Are you the type of person who gets a little teary-eyed when you stumble across an old, dusty souvenir from a bygone era? (It’s OK, we won’t tell.) Many travelers collect vintage souvenirs as a fun way to preserve the history and nostalgia of days gone by. And if you’re lucky enough to have a rare find, that dusty trinket you bought all those years ago could be worth a decent chunk of change.
How Many of These Do You Have?
Here are 10 types of vintage travel souvenirs that were commonly purchased and are now worth money, along with examples of specific items to help you identify if you’re the proud owner of any valuable vintage souvenirs.
Postcards are one of the most popular souvenirs people purchase while on trip. They are a cheap and easy way to send a message to friends and family back home, updating them on your fabulous vacation. Today, vintage postcards are highly sought after by collectors. The value of a postcard depends on its age, rarity, and condition.
Pro Find: A valuable postcard is Tuck’s “Oilette” postcard series from the early 1900s, featuring vividly colored illustrations of famous tourist destinations. One such postcard of the Grand Canyon sold for over $1,000 at auction.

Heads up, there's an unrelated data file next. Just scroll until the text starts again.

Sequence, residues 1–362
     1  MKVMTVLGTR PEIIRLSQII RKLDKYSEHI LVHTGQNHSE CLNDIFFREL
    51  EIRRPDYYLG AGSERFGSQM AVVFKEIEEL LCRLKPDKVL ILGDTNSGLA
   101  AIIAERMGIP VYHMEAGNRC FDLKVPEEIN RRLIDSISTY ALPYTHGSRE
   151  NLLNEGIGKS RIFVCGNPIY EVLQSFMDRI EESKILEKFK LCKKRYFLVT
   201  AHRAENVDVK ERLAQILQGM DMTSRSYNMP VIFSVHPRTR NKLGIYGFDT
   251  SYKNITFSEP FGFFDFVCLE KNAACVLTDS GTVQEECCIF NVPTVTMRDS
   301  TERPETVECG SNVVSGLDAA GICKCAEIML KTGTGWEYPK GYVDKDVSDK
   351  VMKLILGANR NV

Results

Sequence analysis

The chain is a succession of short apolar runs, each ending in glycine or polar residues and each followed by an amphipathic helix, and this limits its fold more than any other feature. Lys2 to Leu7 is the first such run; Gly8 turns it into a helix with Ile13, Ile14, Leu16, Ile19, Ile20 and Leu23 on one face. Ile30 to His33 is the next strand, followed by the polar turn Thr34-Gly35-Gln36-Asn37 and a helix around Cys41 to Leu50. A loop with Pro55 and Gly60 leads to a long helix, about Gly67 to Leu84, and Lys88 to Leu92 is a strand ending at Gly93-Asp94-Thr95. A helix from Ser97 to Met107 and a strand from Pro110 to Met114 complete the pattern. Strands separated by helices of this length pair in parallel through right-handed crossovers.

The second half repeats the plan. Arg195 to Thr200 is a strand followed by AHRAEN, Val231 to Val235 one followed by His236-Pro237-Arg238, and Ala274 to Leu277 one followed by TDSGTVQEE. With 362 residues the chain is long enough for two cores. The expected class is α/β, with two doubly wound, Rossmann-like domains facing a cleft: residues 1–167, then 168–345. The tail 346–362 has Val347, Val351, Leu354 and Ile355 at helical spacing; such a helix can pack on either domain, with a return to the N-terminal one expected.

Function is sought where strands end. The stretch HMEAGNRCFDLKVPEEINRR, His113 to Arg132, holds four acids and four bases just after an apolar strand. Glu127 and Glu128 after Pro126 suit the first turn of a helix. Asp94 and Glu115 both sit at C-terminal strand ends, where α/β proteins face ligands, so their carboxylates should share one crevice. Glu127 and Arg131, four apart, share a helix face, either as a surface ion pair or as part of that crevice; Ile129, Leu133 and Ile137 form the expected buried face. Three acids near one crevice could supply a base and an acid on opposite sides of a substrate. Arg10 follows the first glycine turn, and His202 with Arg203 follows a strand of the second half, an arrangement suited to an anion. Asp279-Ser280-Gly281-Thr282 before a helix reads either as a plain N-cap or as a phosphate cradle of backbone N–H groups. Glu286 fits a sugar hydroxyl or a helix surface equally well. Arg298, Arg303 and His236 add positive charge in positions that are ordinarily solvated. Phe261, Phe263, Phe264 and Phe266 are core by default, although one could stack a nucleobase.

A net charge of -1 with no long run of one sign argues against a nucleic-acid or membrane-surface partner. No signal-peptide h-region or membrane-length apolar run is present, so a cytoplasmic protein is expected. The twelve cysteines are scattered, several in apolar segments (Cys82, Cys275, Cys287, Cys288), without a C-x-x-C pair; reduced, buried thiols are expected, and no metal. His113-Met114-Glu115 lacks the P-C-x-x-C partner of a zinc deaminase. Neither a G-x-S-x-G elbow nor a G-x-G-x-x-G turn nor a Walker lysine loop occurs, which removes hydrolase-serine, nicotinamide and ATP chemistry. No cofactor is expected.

Snowglobes are another popular item that people have added to their travel souvenir collection over the years. They were especially popular in the 1950s and 1960s. Vintage snowglobes can sell for a lot of money, particularly if they are in good condition and feature popular tourist destinations.
Pro Find: A vintage snowglobe from Disneyland’s opening day in 1955 can be worth several hundred dollars today. These snowglobes feature the Sleeping Beauty Castle and the original Disneyland sign.
3. Pinback Buttons
Pinback buttons were popular souvenir ideas in the early 20th century and were often used to promote events or political campaigns. Vintage pinback buttons that feature frequented tourist destinations or historical events can sell for a lot of money.
Pro Find: A rare pinback button from the 1939 New York World’s Fair can fetch over $1,000. These buttons were distributed at the fair and featured images of the Trylon and Perisphere, the fair’s iconic structures.
View-Master was a wildly popular toy introduced in the 1940s. It allowed people to view 3D images of famous tourist destinations and landmarks all around the country and even the world. Vintage View-Masters are highly collectible and can sell for hundreds of dollars.
Pro Find: A rare View-Master reel set from the 1940s featuring images of Yellowstone National Park can be worth over $1,000. These reel sets are highly sought after by collectors.
5. Tiki Mugs
Tiki mugs were popular souvenirs in the 1950s and 1960s and often sold at Polynesian-themed restaurants and bars. Vintage tiki mugs are in demand by collectors and can sell for hundreds of dollars.
Pro Find:: A vintage tiki mug from Trader Vic’s, a popular Polynesian-themed restaurant in the 1950s and 1960s, can be worth several hundred dollars. These mugs feature designs inspired by Polynesian culture, such as carved tikis or hula dancers.
6. Shot Glasses